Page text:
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The Environmental Impacts of Mountain Biking

Posted by Chris Bernhardt on March 17, 2016
Chris Bernhardt

The environmental impacts of mountain biking are a topic of frequent, and sometimes heated, discussion by advocates, tourism promoters, environmentalists, and land managers. Unfortunately, misunderstandings and stereotypes exist, and in the worst cases poor information is used to make decisions about trail access. While there are many anecdotal and emotional responses to mountain biking, what are the actual impacts?

While not extensive, scientific research into the impacts of recreation trails is mostly focused on erosion and damage to vegetation. All trail users have some level of environmental impact; in most cases we accept that the impact is minor and outweighed by the benefits to trail users, such as exercise and a connection with nature. In many cases, the impacts of trails are acceptable because they occur in an area with other development (such as roads) or because they focus use within a defined, manageable corridor.

A comprehensive review of existing studies indicates that mountain bicycling has a similar level of impact as hiking and less than that of equestrian or motorized use

Of note is that mountain bikers and hikers affect trails differently. Where hikers are more likely to travel off trail to cut switchbacks or avoid muddy areas, mountain bikers are more likely to displace soil through skidding. Fortunately, this potential damage can be mitigated with proper trail design, construction, and maintenance techniques such as those developed by the International Mountain Bicycling Association (IMBA).

Impacts to wildlife are another concern. Each animal species is unique so no overarching statements can be made about the effects by mountain bikers specifically versus trails users generally. Obvious factors such as the number of users, noise, speed, canine companions, or the propensity to stop and view wildlife could affect a given species. Generalizations, however, are inadequate given the variety of reactions by different animals and each case must be studied independently.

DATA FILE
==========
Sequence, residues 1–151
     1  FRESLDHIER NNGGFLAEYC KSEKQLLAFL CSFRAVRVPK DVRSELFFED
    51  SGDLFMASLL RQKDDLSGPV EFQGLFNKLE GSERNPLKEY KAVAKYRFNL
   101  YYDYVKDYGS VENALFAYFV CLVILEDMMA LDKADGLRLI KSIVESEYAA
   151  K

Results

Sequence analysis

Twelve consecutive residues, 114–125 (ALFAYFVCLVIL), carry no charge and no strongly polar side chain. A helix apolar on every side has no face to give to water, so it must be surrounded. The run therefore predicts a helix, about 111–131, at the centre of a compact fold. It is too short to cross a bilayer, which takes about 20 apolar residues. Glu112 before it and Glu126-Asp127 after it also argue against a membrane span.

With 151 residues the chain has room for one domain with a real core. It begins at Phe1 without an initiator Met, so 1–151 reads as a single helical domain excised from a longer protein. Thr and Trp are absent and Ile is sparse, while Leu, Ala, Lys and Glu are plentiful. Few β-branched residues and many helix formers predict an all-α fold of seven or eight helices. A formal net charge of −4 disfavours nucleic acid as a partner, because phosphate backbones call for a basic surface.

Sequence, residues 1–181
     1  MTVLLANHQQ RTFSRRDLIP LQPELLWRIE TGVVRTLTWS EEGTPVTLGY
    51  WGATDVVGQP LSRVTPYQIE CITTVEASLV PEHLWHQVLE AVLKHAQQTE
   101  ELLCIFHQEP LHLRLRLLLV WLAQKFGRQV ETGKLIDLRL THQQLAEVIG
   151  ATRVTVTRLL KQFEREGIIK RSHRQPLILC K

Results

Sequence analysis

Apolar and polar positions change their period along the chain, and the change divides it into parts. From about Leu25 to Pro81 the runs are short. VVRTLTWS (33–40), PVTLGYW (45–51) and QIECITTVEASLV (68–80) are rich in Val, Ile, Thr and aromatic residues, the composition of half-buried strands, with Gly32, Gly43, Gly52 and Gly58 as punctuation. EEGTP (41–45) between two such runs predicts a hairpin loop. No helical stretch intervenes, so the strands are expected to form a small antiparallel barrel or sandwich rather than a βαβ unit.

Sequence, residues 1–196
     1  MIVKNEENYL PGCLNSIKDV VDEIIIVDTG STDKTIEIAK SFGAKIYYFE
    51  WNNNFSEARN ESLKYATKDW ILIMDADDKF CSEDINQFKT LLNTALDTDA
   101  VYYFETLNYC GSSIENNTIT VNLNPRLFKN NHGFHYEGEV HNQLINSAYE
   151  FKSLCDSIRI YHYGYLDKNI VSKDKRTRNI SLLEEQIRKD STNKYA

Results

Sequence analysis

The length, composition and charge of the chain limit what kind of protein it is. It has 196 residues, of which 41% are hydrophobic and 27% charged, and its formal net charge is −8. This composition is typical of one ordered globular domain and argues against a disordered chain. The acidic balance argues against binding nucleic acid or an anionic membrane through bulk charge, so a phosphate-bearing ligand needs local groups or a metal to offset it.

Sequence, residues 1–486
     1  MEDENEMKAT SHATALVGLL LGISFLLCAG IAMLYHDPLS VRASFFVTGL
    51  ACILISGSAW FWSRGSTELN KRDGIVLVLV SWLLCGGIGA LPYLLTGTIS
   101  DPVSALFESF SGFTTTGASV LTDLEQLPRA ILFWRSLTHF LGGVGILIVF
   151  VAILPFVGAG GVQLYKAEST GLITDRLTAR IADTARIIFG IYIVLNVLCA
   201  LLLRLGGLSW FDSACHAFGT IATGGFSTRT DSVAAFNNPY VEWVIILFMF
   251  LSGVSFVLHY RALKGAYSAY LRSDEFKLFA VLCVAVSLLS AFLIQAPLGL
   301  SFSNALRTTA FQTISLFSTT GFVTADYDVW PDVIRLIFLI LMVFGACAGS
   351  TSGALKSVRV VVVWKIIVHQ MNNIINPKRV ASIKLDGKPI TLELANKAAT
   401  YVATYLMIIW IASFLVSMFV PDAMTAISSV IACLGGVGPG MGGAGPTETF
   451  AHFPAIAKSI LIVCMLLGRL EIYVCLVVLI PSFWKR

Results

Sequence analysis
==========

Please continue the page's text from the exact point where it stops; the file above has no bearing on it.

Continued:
There is no scientific data to indicate that mountain bikers have a greater negative impact on wildlife compared to other trail users

It is clear that mountain biking does not negatively impact natural resources more than other uses. With this knowledge we should strive to minimize the particular impacts of trail riding by applying proper development and management techniques thus providing the benefits of mountain biking while being good stewards of our lands.

We've put together a small overview of the environmental impacts of mountain biking and how to minimize them. Feel free to download it and share it with your local stakeholders.

The one pager is intended to help you give your local partners a quick overview of the environmental impacts of mountain biking and solutions to minimize them. This overview is a condensed summary of different studies about the issue. In the past we were fortunate to even conduct some studies on our own in close collaboration with environmental agencies, such as the WWF or the Swiss agency Pro Natura. For those who want to dive in deeper, here are three studies for you to download and study:

1. Landschaftsschutz und Mountainbike, 2015, David Müller & Karina Liechti, Switzerland

2. Mountain Biking: A Review of the Ecological Effects, 2010, Michael Quinn & Greg Chernoff, Canada

3. Environmental Impacts of Mountain Biking: Science Review and Best Practices, 2007, Jeff Marion & Jeremy Wimpey, USA

Example: Rerouting and minimizing the impact of hiking and mountainbiking on mother nature at the 673 Bernina Tour in Switzerland:
TrailWorkvonOben

Want to work with us on improving your trails and educating your trail building crew? Check out our work and get in touch

Download our 15 cases from work

Topics: trails, destination, Enviromental Impacts, strategy, know-how-transfer, traildesign

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